Before Bond, there was a Brit named Dennis Wheatley. Wheatley, however, had a few things going for him that Bond didn’t. Paramount amongst these factors was the fact that he was, well, real. In her new book, D For Deception, Tina Rosenberg discribes the fascinating true story of novelist Dennis Wheatley, who during World War II was called upon by the British government to undertake a mission – should he choose to accept it – that was probably not unlike missions undertaken by his characters, and fulfilled what to my mind seems like the absolute coolest opportunity – for the most unlikely person – in history (this is roughly akin to a stoner friend of mine who was offered a surprisingly well-paying job trimming pot plants at a legal dispensary in California – we had to scrape him off the ceiling).
Wheatley’s task was to perpetrate a disinformation campaign against the Germans, and through this deceive them about the date and location of the Allied invasion on D-Day. The primary intended target of the campaign was just one man – the Furer himself. Hitler. This has been referred to by some as the coolest homework assignment ever. Rosenberg spoke to Scott Horton of Harper’s about the book:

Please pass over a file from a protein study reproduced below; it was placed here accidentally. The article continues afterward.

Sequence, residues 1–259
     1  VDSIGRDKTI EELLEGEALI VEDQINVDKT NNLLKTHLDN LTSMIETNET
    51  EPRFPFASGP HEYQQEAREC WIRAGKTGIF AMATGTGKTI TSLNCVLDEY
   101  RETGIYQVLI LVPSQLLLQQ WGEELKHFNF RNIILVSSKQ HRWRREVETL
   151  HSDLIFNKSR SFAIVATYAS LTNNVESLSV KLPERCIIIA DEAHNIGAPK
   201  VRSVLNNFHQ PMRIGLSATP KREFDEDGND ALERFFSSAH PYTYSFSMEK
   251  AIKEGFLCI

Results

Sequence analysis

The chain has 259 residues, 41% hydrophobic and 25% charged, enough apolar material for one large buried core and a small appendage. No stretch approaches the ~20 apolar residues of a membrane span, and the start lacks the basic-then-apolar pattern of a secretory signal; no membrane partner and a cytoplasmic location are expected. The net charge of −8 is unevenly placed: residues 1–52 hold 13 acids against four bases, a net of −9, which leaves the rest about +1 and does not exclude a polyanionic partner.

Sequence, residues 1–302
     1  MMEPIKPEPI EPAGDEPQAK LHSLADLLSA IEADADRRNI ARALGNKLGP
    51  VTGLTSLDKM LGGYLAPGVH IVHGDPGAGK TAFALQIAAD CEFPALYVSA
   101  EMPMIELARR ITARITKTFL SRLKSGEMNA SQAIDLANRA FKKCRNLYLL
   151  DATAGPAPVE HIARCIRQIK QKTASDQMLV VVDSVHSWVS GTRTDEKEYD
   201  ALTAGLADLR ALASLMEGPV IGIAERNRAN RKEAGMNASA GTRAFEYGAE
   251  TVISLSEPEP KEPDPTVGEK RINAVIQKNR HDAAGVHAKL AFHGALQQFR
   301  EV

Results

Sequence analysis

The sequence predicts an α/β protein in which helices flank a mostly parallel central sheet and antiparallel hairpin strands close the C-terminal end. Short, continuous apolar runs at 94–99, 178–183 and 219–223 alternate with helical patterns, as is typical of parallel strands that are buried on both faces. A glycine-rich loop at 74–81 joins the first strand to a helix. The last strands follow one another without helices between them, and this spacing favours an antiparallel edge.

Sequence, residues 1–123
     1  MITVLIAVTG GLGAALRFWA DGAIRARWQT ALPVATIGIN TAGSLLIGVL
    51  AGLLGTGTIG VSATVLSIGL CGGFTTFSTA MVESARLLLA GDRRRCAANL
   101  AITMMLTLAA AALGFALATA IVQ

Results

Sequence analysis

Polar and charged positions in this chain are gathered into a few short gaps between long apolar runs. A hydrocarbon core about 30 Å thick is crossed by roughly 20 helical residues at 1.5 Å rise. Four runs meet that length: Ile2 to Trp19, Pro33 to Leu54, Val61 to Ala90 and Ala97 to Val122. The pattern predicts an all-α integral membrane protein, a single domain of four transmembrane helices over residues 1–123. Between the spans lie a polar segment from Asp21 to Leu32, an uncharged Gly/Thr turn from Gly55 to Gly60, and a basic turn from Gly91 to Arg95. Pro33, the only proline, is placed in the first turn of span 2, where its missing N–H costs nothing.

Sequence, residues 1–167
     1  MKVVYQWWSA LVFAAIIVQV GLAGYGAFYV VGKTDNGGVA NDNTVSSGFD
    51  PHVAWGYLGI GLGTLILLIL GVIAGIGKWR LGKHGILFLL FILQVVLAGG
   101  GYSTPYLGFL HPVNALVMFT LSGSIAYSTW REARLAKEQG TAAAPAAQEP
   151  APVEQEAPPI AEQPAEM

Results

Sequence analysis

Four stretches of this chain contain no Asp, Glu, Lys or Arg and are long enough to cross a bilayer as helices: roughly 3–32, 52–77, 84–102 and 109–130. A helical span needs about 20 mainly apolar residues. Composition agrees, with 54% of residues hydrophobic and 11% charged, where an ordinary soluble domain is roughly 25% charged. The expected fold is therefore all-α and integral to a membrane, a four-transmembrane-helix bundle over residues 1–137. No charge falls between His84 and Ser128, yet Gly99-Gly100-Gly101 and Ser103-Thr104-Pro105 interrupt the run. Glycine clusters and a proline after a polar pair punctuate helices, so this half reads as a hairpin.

Deception worked like this: First, Wheatley and his colleagues drew up a cover story (“story” is actually the term of art) for each operation — what they wanted Hitler to believe. Then they began to scatter crumbs for the Nazis to find. Wheatley created enormous charts detailing what lies to tell on what date, and through what channel. Diplomatic gossip? False reports by double agents? Physical means such as “losing” a rucksack or a dead body? Nothing too direct or it wouldn’t be believable — the Germans had to gradually construct the story themselves.
That is how to write a deception plan. It’s also how to write a novel. The biggest difference was that instead of writing for millions of readers, Wheatley was writing for just one.
Andrew Sullivan of The Dish blog at The Daily Beast makes this story that much more delicious by adding:
And, as Rosenberg notes, “the deception plans he wrote to trick Hitler were in many ways echoes of his Gregory Sallust stories, which were all set against the backdrop of real events.” While on staff, Wheatley worked with a young intelligence officer named Ian Fleming, the author of the James Bond series, which premiered in 1953.